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Analysis of Inclusive Learning Resources
Transcript of Analysis of Inclusive Learning Resources
by Richard Keeley
The learners that used all three of these resources are AS-level Psychology students attending a sixth form college in Solihull. Classes comprise of 25 students between the ages of 16 and 17. This is their first year at the college following their GCSE's. The expectations placed on the learners are somewhat different to what they may have been used to as their is more of an emphasis on self-directed learning and personal responsibility.
"Self- directed learning strongly encourages active learning, develops student autonomy and gives the responsibility for learning to the students"
(Petty; cited in Teaching Today: A Practical Guide; Chapter 34, page 367).
They have all chosen Psychology as one of their topics of study, and therefore motivation levels are generally high. In the class being described here, there is one learner that has dyslexia, and therefore all paper resources need to be printed on yellow paper in an accessible font for full inclusivity. This particular learner has a laptop to work on during each lesson.
The purpose of these revision grids are to indicate to the students the aspects of the module, they need to know in preparation for their AS Psychology exam on Cognitive Psychology. They were used during a revision session on the topic where, in differentiated table groups students were assigned a topic from within the Cognitive Psychology specification and asked to produce a brainstorm of everything that they need to know for that topic. Once the brainstorms had been created on A3 sheets of paper, the groups described their contents to the whole class. Photographs were then taken of each brainstorm and posted on the classes Moodle page for individual reference.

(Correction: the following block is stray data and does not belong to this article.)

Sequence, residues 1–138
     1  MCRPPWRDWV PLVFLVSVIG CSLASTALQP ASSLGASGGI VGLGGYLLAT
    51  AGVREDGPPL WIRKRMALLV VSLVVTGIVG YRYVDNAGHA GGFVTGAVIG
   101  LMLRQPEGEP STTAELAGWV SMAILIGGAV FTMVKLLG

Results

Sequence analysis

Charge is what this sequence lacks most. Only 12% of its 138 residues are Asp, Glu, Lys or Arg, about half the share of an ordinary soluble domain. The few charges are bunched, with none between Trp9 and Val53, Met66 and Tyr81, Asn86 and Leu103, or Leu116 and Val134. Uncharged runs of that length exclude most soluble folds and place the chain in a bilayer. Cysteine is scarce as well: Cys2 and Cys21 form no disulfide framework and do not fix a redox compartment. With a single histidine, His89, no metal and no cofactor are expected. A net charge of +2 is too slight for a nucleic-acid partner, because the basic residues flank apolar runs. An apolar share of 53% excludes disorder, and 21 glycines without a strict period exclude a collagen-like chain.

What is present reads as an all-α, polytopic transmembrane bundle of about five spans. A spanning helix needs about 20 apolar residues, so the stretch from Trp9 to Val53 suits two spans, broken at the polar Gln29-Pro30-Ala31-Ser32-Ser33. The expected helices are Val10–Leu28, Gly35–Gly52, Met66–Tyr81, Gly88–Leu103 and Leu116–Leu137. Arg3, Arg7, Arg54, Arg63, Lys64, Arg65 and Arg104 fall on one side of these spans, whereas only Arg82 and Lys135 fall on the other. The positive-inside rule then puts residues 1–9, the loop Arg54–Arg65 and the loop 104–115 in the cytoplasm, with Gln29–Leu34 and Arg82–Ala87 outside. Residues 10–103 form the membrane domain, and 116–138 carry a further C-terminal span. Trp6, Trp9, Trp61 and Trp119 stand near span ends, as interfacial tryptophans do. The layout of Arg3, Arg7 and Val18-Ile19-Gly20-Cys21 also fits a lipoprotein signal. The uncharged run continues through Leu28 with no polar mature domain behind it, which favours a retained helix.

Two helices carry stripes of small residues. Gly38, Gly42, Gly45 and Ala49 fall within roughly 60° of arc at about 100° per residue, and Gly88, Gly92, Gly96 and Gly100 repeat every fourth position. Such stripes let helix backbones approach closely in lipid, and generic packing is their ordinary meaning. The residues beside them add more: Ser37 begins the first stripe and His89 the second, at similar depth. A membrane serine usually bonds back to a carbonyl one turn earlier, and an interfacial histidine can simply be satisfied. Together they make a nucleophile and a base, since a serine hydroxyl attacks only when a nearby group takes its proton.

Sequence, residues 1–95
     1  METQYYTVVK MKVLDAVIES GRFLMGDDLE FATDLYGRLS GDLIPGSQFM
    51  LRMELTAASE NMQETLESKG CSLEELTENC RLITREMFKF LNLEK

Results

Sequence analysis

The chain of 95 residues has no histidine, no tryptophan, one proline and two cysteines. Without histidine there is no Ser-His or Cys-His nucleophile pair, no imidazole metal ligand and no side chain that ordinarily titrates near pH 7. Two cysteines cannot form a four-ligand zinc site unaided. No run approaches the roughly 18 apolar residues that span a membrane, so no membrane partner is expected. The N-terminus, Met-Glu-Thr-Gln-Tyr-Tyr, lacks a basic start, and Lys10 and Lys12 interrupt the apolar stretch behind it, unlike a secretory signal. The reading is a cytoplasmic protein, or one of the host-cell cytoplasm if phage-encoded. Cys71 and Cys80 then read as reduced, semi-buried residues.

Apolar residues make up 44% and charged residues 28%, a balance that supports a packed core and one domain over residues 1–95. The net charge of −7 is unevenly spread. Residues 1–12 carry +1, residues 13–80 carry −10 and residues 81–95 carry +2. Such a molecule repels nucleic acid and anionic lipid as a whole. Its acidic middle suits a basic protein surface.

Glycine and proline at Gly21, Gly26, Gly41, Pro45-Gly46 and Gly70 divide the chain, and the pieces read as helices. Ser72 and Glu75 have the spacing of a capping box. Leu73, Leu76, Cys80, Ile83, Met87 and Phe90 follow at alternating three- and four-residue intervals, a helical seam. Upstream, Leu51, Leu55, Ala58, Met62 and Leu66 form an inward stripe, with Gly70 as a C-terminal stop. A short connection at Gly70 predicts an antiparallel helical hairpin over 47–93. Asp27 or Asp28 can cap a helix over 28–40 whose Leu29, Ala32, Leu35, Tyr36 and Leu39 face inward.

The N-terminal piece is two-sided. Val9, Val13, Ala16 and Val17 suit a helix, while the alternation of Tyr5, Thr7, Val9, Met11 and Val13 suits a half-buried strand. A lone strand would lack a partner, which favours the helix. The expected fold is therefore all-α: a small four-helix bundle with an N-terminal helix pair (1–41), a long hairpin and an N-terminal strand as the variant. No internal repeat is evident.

The grids were made available to the students during this lesson in order to support their learning should they wish to use them. They contain a break down of what points they need to revise and include in their brainstorms and/or own notes. The grid contains the entire specification for this module.
By having the revision grid as an optional extra, it allows the students to take responsibility for their own learning, and to privately assess whether it would be useful for them. It incorporates Blooms Taxonomy into an active learning environment as the higher order learners may choose not to use the grid, whilst supporting the needs of lower order thinkers.
Cognitive Revision Grids